Abstract

Yoga as a Therapy for Irritable Bowel Syndrome

D'Silva A1, MacQueen G2,3, Nasser Y4, Taylor LM1, Vallance JK5, Raman M6,7,8. Dig Dis Sci. 2019 Dec 12. doi: 10.1007/s10620-019-05989-6. [Epub ahead of print]

 
     

Author information

Department of Community Health Sciences, Cumming School of Medicine, University of Calgary, 3280 Hospital Drive NW, Calgary, AB, T2N 4Z6, Canada.

Mathison Centre for Mental Health Research and Education, University of Calgary, 3280 Hospital Drive NW, Calgary, AB, T2N 4Z6, Canada.

Department of Psychiatry, Cumming School of Medicine, University of Calgary, 3280 Hospital Drive NW, Calgary, AB, T2N 4Z6, Canada.

Division of Gastroenterology and Hepatology, Department of Medicine, Cumming School of Medicine, University of Calgary, 3330 Hospital Drive NW, Calgary, AB, T2N 4N1, Canada.

Faculty of Health Disciplines, Athabasca University, 1 University Drive, Athabasca, AB, T9S 3A3, Canada.

Department of Community Health Sciences, Cumming School of Medicine, University of Calgary, 3280 Hospital Drive NW, Calgary, AB, T2N 4Z6, Canada. mkothand@ucalgary.ca.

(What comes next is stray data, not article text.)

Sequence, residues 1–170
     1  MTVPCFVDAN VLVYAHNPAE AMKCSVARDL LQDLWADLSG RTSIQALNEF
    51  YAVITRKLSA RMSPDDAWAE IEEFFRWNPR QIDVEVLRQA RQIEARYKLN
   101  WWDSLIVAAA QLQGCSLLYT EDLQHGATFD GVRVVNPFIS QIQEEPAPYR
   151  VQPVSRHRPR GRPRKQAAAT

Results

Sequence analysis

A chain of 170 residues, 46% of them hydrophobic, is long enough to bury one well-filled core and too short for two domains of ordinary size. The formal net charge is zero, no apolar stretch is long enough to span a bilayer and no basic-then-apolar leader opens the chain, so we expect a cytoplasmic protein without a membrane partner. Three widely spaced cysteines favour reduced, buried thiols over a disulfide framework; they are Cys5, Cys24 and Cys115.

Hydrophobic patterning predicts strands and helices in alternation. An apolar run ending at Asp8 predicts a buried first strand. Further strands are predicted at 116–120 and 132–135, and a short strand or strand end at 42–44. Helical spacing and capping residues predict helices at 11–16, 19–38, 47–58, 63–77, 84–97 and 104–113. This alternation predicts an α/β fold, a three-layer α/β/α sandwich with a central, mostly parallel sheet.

Division of Gastroenterology and Hepatology, Department of Medicine, Cumming School of Medicine, University of Calgary, 3330 Hospital Drive NW, Calgary, AB, T2N 4N1, Canada. mkothand@ucalgary.ca.

University of Calgary, 6D33 TRW Building, 3280 Hospital Drive NW, Calgary, AB, T2N 4N1, Canada. mkothand@ucalgary.ca.

Abstract

The aim of this state-of-the-art narrative review is to evaluate the current evidence about the effectiveness of yoga as therapy for IBS and explore its potential mechanisms of action. The current literature suggests yoga is effective and safe and may target multiple mechanisms involved in treatment of IBS. Evidence from randomized controlled trials identified yoga as more effective compared to pharmacological treatment and equally effective as dietary interventions or moderate-intensity walking. Improvements were seen in both physical health (IBS symptom severity, gastric motility, autonomic and somatic symptom scores, and physical functioning) and mental health outcomes (depression, anxiety, gastrointestinal-specific anxiety, and quality of life). Given favorable changes in IBS-related physical and mental health outcomes, preliminary data supports yoga as beneficial in this population. However, the relatively low-quality evidence resulting from heterogeneity of study designs, interventions, and outcome measures limit our ability to make specific recommendations about the use of yoga as therapy for patients with IBS.

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